How the Internet can help feed the world

As should be clear from the above, there are techniques that enable people to grow an abundance of food sustainably, in very little space. But these are not in widespread use because people do not know about them. Information is the key resource for agriculture - 15th century peasants had all the tools needed for high-yield organic permaculture; the problem was that they didn't know how to do it. And now, sub-Saharan Africa has some of the best growing conditions in the world - plenty of rain, good soil, huge biodiversity - but is the hungriest part of the world, largely because people do not know how to grow a lot of food in their local area.

Creating universal Internet access can greatly remedy this situation. With a person gets an Internet connection, enormous amounts of free information that they can use to grow food is suddenly available to them.

The Food and Agriculture Organization has a database of Knowledge and Information Resources, explaining proven best practises that farmers can apply to feed their families. There are many websites on aeroponics, hydroponics, aquaponics, urban gardening, vegetable growing and permaculture. Many of these websites have thriving forums where people can ask for help with particular problems they encounter. 20 years ago, a person who wanted to find out how to set up, say, an urban mushroom farm or aquaponic system, would have had to go to great lengths to find out such information; now it is available in minutes. Decentralized abundant food production cannot come about without this knowledge being extended to all people.


Food and health

A shortage of food is not the only problem. Over a billion people are overweight, and 300,000,000 are obese [35]. A third of all children born in the USA in 2000 are expected to become diabetic [36]. Metabolic syndrome 11px-Wikipedia_logo.jpg is estimated to affect a quarter of the US population.

Unfortunately, changing human behaviour is not as straightforward as finding a solution to an engineering problem. But what the suggestions given here can achieve is a change in the food environment. A decentralized food production system grows vegetables, eggs, meat, mushrooms and whole foods like that — not refined sugar products and processed foods like that.

Hopefully, by transforming the food environment from the current one, where the most convenient food is bought in a bag, preserved with salt and flavored with sugar, to one where fresh, unprocessed fruits, vegetables, legumes, nuts, seeds, mushrooms, meat and fish are conveniently available locally, people's behaviour will change and we can mitigate obesity and diabetes as well as hunger.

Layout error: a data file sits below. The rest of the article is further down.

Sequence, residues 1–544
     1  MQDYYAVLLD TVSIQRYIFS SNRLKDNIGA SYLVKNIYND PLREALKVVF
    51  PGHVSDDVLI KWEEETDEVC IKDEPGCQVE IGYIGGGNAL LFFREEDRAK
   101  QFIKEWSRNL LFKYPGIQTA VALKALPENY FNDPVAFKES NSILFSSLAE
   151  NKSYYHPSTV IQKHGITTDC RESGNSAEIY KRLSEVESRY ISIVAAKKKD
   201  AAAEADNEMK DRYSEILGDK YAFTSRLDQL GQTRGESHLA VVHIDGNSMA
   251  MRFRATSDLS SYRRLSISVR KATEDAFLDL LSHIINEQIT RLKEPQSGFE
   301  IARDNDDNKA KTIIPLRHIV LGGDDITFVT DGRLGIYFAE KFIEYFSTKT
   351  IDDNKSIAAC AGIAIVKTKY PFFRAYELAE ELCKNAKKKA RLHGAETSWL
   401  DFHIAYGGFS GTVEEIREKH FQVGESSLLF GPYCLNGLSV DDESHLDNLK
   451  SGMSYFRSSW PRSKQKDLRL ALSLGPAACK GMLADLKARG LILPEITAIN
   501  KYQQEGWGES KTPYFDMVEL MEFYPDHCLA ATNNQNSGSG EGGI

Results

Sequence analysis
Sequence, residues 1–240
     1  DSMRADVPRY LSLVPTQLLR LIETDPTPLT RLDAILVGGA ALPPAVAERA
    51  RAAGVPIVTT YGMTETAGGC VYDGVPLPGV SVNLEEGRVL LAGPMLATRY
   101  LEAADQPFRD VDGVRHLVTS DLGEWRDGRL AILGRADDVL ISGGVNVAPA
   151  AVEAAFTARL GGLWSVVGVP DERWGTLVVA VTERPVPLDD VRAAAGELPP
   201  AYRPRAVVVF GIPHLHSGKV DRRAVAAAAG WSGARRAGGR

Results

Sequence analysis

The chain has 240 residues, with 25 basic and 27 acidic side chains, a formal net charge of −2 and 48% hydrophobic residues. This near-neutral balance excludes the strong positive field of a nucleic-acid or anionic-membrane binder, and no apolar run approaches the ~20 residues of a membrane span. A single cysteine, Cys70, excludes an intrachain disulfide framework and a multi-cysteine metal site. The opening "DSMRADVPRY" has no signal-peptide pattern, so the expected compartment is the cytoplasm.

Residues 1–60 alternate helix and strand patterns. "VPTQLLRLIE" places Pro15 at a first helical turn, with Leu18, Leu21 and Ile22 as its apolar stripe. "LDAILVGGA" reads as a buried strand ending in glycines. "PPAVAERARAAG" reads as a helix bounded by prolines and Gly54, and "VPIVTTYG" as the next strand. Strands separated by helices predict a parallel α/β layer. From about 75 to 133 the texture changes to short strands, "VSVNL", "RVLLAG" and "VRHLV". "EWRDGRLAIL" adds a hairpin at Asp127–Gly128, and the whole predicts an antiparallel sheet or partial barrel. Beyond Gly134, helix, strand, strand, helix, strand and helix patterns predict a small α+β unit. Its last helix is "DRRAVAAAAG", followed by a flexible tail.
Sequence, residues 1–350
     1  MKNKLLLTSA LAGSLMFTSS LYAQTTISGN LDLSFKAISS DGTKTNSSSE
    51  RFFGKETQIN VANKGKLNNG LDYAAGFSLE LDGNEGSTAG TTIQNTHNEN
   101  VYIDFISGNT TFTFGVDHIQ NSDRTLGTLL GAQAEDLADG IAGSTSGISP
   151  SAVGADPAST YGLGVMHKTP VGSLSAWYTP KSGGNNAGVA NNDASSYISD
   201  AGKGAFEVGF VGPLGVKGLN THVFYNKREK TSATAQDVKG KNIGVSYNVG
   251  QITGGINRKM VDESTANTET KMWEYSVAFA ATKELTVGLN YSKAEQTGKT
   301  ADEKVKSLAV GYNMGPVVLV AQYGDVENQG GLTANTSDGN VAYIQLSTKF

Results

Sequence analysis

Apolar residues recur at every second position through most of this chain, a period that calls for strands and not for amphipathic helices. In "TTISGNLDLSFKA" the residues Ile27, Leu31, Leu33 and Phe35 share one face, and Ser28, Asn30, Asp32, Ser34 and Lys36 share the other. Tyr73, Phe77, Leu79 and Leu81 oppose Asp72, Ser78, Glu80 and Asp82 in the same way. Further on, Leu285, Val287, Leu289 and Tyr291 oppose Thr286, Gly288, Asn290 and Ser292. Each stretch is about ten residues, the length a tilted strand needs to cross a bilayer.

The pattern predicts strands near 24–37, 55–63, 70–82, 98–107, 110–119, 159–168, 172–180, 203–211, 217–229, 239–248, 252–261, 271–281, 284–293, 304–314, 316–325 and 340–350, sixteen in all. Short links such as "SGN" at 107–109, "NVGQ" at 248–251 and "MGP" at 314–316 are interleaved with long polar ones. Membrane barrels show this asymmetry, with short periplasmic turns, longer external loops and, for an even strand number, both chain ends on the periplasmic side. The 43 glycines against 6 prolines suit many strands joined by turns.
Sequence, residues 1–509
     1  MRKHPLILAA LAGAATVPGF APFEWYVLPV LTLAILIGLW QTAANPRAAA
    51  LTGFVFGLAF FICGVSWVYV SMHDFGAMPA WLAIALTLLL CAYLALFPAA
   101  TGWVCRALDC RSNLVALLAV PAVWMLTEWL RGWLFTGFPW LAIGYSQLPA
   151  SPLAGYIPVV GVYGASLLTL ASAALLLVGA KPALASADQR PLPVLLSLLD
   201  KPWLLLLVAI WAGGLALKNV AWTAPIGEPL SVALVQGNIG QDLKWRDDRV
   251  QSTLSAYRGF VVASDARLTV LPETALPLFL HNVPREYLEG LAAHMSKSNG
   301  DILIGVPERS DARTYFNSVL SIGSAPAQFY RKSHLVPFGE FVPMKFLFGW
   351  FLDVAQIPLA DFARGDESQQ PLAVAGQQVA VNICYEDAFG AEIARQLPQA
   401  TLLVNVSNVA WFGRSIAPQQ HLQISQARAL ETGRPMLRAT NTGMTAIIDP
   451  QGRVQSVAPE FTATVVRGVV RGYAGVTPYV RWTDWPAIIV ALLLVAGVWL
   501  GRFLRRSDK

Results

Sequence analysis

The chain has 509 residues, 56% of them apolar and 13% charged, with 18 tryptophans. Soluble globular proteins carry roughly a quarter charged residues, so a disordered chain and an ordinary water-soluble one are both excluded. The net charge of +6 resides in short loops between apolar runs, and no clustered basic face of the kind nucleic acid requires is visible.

The high levels of control of the biochemical environment in techniques like aeroponics and in-vitro meat allow for precise control over the nutritional profile of the food produced. It should be possible with these methods to create the most nutritious food that can possibly be grown.


Seawater-irrigated farming

Salicornia will readily grow in saltwater-irrigated land and can form the basis for an ecosystem there.
It is possible to create a viable farm using seawater instead of fresh water, by growing salt-loving plants 11px-Wikipedia_logo.jpg like salicornia 11px-Wikipedia_logo.jpg, batis 11px-Wikipedia_logo.jpg and Palmer's grass 11px-Wikipedia_logo.jpg for human consumption and mangrove as livestock feed. Shrimp and other aquatic animals can be farmed in tanks, enriching the water with their effluent. In the past ten years or so, seawater farms like this are starting to flourish in North Africa and Mexico, turning arid coastal deserts into self-sufficient productive land. This could be applied along as much of the world's 40,000km of coastal deserts as is needed. This is enough new farmland to feed hundreds of millions of people.

In the near future, it may even be possible to genetically engineer common food plants to grow in salty water [37]

See also —


Open ocean farms

69% of the planet is ocean; if we can effectively farm this area, there can be no scarcity of food.

Open ocean farming is currently being researched by several companies and universities. Floating nets are used to grow edible seaweeds ("sea vegetables"), and floating or submersible cages are used to breed fish in. As with all water-based agriculture, the plants grow about 10 times faster than with land-based agriculture. Inedible seaweeds can converted efficiently into edible fish; 4 tons of seaweed feed will typically yield 3 tons of fish.